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Darwin Correspondence Project

To J. D. Hooker   30 January [1862]1


Jan 30th

My dear Hooker

I received the Bletia this morning, rather dry from paper-Box.— I suppose that you are sure it is a Bletia for its pollen is very different from that of any of the Epidendreæ which I have seen, & agrees with description of that of the Arethuseæ. If it be a Bletia, by Jove, Lindley’s grand divisions are not a little fanciful.2 I shall be astounded if the distinction from state of pollen alone can make good main divisions.

I have not written since your note of Saturday, in which you offer to collect cases of Dimorphism:3 I shd. not wish you to take trouble on purpose; but if you would make a note of any cases on which you stumble, I shd. be very glad. The cases of Balsamineæ, Violaceæ &c, I believe to be widely different from that of Primula.—

You allude to Caryophyllaceæ; I shd. in this one instance like soon to hear to what you allude.—4

I have been very sorry to hear about Busk.—5

Bateman has just sent me a lot of orchids with the Angræcum sesquipedale: do you know its marvellous nectary 1112 inches long, with nectar only at the extremity. What a proboscis the moth that sucks it, must have! It is a very pretty case.6

Farewell | C. Darwin


The year is established by the reference to George Busk’s accident (see n. 5, below).
John Lindley divided the Orchidaceae into seven tribes distinguished principally by the nature of the anthers and pollen-masses (Lindley 1853, p. 179). CD had expressed dissatisfaction with Lindley’s classification system in his letter to J. D. Hooker, 18 [December 1861] (Correspondence vol. 9); he made similar comments in Orchids, p. 159. CD referred to the pollen-masses of Bletia in Orchids, p. 162 n.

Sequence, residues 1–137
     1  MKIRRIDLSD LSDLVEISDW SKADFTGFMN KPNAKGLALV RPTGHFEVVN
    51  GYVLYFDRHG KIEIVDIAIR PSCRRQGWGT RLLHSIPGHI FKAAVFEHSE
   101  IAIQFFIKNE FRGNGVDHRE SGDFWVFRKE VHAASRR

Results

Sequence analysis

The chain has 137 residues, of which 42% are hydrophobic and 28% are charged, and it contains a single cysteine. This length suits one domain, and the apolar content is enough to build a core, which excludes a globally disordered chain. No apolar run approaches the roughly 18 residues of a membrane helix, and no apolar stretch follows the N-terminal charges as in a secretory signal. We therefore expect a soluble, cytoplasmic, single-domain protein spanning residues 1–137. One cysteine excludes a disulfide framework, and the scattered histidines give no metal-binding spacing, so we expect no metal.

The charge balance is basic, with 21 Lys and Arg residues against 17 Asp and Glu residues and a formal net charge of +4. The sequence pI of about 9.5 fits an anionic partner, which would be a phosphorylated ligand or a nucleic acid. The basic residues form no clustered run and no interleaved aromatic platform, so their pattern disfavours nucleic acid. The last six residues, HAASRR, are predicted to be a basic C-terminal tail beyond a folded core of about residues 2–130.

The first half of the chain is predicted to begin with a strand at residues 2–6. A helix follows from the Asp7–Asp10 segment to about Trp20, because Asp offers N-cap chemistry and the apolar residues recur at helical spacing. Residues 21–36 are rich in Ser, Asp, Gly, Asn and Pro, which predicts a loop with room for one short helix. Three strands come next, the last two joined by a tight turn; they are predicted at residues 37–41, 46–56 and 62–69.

George Busk broke his arm on the evening of 20 January 1862 (see letters from J. D. Hooker, [25 January 1862], and from J. E. Gray, 29 January 1862).
CD had already told Hooker about the box of orchids sent by James Bateman (see letter to J. D. Hooker, 25 [and 26] January [1862]). See also letter from Robert Bateman, [28 January 1862].


Correspondence: The correspondence of Charles Darwin. Edited by Frederick Burkhardt et al. 29 vols to date. Cambridge: Cambridge University Press. 1985–.

Lindley, John. 1853. The vegetable kingdom; or, the structure, classification, and uses of plants, illustrated upon the natural system. 3d edition with corrections and additional genera. London: Bradbury & Evans.

Orchids: On the various contrivances by which British and foreign orchids are fertilised by insects, and on the good effects of intercrossing. By Charles Darwin. London: John Murray. 1862.


Is JDH sure it is a Bletia, just received? Its pollen very different from any Epidendreæ he has seen. If it is Bletia, Lindley’s grand divisions are fanciful.

Accepts JDH’s offer to collect cases of dimorphism.

James Bateman has sent a lot of orchids with Angraecum sesquipedale. What a proboscis the moth that sucks its 11½ inch nectary must have!

Letter details

Letter no.
Charles Robert Darwin
Joseph Dalton Hooker
Sent from
Source of text
DAR 115: 142
Physical description
ALS 4pp

Please cite as

Darwin Correspondence Project, “Letter no. 3421,” accessed on 27 March 2023,

Also published in The Correspondence of Charles Darwin, vol. 10